Invoice Bazaar Blog

# Fundraising for your startup: How do you calculate LTV:CAC ratio?

Before deciding to seek external investors for your startup, you need to be fully aware of the key performance indicators (KPIs) of your business, and most importantly, the LTV (customer lifetime value) and the CAC (customer acquisition cost). That is because when they invest in or purchase a firm, most investors will want to check these crucial metrics, and they should withstand investor scrutiny. The LTV:CAC ratio is calculated by dividing LTV by CAC, which indicates how much your company should spend to acquire a customer.

For instance, suppose you have an LTV of US\$2,000 and a CAC of US\$1,000. Then 2,000/1,000 = 2. It means, in your case, the LTV:CAC ratio is 2:1. Hence, you earn two times (2X) more from your average customer over their lifetime than what it costs you to acquire that customer. In other words, your average customer’s value is twice the cost of acquiring that customer. The higher or steeper the LTV:CAC ratio, the better the chances of your startup being able to raise funds. It is widely accepted that 3:1 is usually a good LTV:CAC ratio. It means your average customer is worth three times as much as it costs to acquire that customer.

Almost every business plan for fundraising includes forecasts and analysis on LTV and CAC. And when you know your LTV:CAC ratio very well and correctly perform the LTV/CAC analysis, you can accurately gauge your startup’s financial health. You will then be able to impress and convince prospective investors with insightful conversations easily. Furthermore, your chances of raising funds for your startup will immensely improve if you know how to increase the LTV and lower the CAC, as that can lead to higher profitability. As a business owner, you should always remain aware of your startup’s LTV:CAC ratio because a sudden dip in LTV or an unexpected rise in CAC can cause concern that you would have to attend to and resolve as soon as possible.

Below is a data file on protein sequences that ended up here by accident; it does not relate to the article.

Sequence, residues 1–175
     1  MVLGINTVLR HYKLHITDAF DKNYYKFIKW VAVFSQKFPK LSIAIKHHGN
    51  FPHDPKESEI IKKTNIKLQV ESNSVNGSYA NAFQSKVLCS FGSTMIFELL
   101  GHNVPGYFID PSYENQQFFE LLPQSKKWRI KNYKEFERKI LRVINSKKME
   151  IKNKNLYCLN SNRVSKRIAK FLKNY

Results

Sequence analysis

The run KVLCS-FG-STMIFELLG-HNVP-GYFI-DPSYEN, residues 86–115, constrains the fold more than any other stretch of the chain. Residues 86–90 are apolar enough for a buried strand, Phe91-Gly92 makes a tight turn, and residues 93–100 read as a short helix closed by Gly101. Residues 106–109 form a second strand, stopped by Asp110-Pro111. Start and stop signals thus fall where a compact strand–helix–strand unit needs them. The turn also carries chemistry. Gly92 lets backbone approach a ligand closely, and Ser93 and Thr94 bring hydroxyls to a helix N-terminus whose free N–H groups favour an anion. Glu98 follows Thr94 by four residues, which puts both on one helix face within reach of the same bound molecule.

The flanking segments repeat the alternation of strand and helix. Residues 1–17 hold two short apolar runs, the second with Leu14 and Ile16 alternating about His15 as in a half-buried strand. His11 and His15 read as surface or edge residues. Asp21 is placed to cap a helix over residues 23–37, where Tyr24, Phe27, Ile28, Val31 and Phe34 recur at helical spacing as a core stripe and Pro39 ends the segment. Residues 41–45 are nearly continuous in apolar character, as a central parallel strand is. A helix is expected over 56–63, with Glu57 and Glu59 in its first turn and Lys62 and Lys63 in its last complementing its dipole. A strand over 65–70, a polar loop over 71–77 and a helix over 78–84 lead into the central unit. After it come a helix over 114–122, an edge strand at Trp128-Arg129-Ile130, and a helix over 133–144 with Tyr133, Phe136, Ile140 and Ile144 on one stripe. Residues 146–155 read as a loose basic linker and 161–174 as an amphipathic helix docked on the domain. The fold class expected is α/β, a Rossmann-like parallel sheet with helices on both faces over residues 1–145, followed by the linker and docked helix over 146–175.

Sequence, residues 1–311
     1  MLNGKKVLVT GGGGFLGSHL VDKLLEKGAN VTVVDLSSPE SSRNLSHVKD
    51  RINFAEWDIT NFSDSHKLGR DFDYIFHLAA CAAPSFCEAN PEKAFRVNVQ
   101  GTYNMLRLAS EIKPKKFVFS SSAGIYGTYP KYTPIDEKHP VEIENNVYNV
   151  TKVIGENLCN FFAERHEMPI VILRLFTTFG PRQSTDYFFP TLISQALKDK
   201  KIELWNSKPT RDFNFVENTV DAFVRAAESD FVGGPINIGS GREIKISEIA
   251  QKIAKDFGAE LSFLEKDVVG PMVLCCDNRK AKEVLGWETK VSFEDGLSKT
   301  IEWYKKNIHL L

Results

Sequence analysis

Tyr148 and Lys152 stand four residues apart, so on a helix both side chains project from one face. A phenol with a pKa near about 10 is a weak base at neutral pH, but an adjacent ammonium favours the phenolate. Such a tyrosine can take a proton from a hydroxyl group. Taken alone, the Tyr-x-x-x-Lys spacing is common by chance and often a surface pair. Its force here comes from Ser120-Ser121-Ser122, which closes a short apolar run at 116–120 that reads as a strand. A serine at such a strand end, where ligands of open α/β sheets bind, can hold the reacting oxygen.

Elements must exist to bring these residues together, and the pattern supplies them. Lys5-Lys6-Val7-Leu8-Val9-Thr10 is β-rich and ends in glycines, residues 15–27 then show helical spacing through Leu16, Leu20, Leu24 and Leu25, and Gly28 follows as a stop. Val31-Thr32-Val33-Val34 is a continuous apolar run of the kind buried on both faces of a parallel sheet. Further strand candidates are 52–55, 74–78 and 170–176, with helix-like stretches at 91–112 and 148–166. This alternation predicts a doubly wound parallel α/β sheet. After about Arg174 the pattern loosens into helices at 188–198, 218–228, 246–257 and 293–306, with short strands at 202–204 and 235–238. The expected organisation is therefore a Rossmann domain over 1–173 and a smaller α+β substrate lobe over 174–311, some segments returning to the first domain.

To facilitate the above calculations, let us now understand how the Customer Lifetime Value (LTV) and Customer Acquisition Cost (CAC) are arrived at. Generally, Customer LTV is equal to Lifetime Customer Revenue (LTR) minus Lifetime Customer Costs. So, the simplest method to calculate Customer LTV is subtracting the cost of acquiring and serving a customer from the Customer Revenue. Thus, LTV = Customer Revenue – Cost of Acquiring and Serving that Customer. Meanwhile, you can calculate the CAC by adding up your total sales, marketing, and other routine operational expenses incurred for customer acquisition over a given period and dividing it by the number of new customers acquired during that period. The figure that you get would be your firm’s estimated CAC.